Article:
Yet again, you’re clueless and full of shit, and every “solution” you insist upon is actually massively damaging to the global economy. I know your **AA gods don’t care about that, but sooner or later you’re going to support something that does real damage to an industry bigger than them – and despite their claims, there’s many that are.

“facts that I believe true”

Maybe if you stopped attacking everyone who knows how things really work, those “facts” would be corrected. As it is, you’re attacking fantasies again.

PopeyeLePoteaux says:

Re: I doubt that

Given that many filesharing networks use ad-hoc encryption between members and onion routing, what you are actually proposing is to render it illegal to have administrative rights over your own computer.

China has tried this and had to give up. The US tried also. Banning encryption or making it hard/impossible to use proxies/VPN is possible ONLY if a new standard is implemented globally where no person can be allowed to be administrator on their own computer.

Even trying is highly likely to remove every business relying on VPN’s, cloud services and proxies from the market. Https has to go as well so say fare-thee-well to any service using encrypted login. Banks, amazon, online franchises, personal cloud storage, etc.

So, I don’t think that could happen, although they will keep trying to find a way to acomplish something like that, but for now, it is impossible IMO.

Anonymous Coward says:

Re: Re:

Your forgot the important part, without those technologies there is no Apple store, iTunes, Netflix, banking, micro transactions, virtual currencies or the like.

Just to underscore the importance of those techs to commerce here are a few examples of the use of it.

The next world currency may not be the Dollar but a virtual currency. Everyone has front role seat at the rise of virtual currencies.

M&C SAATCHI TECH BULETTIN: THE RISE OF THE VIRTUAL CURRENCY

Tech2:
EA to build microtransaction systems in all of its future games

I want to see who will build a microtransaction system without encryption, secure channels(aka VPN) and how suscessfull they will be.

The Verge: Bitcoin value reaches new all-time high against the dollar, continuing upward trend

IEEE Spectrum: Bitcoin-Central Is Now The World’s First Bitcoin Bank…Kind Of

FinExtra: Royal Canadian Mint unveils MintChip virtual currency; launches development competition

This is a race to fill the vaccuum for a common currency in a global connected world.
Companies, governments and cyberpunks nerds are all racing to see who gains the public trust first.
The stakes are high, the winner gets to control everything for the next century.

Freeware Genius: Secure your online identity and personal info, with OneID
Double authentication using encryption and VPN for secure access.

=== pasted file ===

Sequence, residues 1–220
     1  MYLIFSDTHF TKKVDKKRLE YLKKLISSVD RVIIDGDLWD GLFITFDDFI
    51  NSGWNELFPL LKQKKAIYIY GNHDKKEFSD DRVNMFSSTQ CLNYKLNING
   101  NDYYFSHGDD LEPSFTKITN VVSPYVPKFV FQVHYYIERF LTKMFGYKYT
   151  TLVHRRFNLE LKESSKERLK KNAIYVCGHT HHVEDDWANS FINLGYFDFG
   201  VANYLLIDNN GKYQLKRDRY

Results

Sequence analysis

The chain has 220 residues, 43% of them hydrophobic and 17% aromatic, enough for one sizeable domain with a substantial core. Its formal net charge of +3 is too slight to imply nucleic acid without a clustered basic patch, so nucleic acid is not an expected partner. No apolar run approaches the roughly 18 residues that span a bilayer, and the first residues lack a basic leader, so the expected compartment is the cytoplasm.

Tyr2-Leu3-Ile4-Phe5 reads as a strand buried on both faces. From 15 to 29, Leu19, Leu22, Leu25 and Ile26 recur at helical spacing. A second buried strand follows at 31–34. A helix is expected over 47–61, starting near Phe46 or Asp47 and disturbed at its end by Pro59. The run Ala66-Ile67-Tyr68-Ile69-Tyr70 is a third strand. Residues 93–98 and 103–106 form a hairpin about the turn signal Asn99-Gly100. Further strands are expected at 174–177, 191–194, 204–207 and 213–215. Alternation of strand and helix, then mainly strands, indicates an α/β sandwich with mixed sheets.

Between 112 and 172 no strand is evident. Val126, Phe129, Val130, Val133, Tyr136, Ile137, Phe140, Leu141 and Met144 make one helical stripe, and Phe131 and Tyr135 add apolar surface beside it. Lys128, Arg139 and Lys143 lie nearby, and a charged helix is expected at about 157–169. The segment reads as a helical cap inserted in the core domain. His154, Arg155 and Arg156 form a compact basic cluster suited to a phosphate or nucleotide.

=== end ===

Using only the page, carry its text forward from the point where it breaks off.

Duke (profile) says:

For those interested the full judgment is here: EMI Records Ltd & Ors v British Sky Broadcasting Ltd & Ors [2013] EWHC 379 (Ch)

The law is a bit worrying (I haven’t read it in that much detail but I think it goes slightly further than previous ones) – the main concern is that, again, there was no hearing, no defence, no cross-examination of evidence etc.. Without seeing the witness statements I can’t be sure, but I think the judge just accepted everything the BPI had to say at face value.

That’s not justice – not in an adversarial court system.

out_of_the_blue says:

Why does this blocking concern anyone here?

SURELY none of you are downloading any copyrighted content from them? … Looks to me like tacit admission that you ARE, or at least wish to be. And all this talk of hiding with VPNs! You keep letting the cat out of the bag.

Look, censorship surely involves some sort of speech, NOT links to stolen content. Those link are evidence of criminal intent. — Don’t bother protesting that you read political tracts you get off The Pirate Bay: no one believes you any more; nor that there’s tons of free legal content on torrents while ignoring the mega-tons of infringing material, it’s just lying by omission.

You pirates are mis-appropriating fine old concepts and dragging them through the muck with your mania to download for free what someone else created and wants you to pay for. That’s why I can’t stay with you on these items.

Take a loopy tour of Techdirt.com! You always end up at same place!
http://techdirt.com/
Where Mike sez: uploader + file host + links site + downloader = perfectly “legal” symbiotic piracy.

Zakida Paul says:

Re: Why does this blocking concern anyone here?

Um, because I have downloaded Linux .iso files and other open source software from these and similar sites. That is perfectly legal activity. There are many open source developers and independent content creators, as well as their users and fans, who are going to be seriously inconvenienced by this. These are the ONLY people who suffer from these blocks.

Why are you such a moron?

out_of_the_blue says:

Re: Re: Why does this blocking concern anyone here?

@”Zakida Paul (profile), Feb 28th, 2013 @ 4:45pm

Re: Why does this blocking concern anyone here?
Um, because I have downloaded Linux .iso files and other open source software from these and similar sites. That is perfectly legal activity. There are many open source developers and independent content creators, as well as their users and fans, who are going to be seriously inconvenienced by this. These are the ONLY people who suffer from these blocks.

Why are you such a moron?
—————

You missed my request up there to not bother with boilerplate:
Don’t bother protesting that you read political tracts you get off The Pirate Bay: no one believes you any more; nor that there’s tons of free legal content on torrents while ignoring the mega-tons of infringing material, it’s just lying by omission.

With yours, I’ve read those lies a thousand times here now. Congratulations, you win the dummy prize.

You’ll presumably be able to continue “perfectly legal activity” of torrenting Linux and so on. They’ll surely actually check the first ones they make examples of to be copyrighted content. You have no worries. Rest easy tonight, wrapped warm and cozy in the arms of Morpheus with your guilt-less conscience.

It’s just the FEW RARE pirates, can’t be more than a couple dozen in the US, who should worry, I guess.

RadialSkid (profile) says: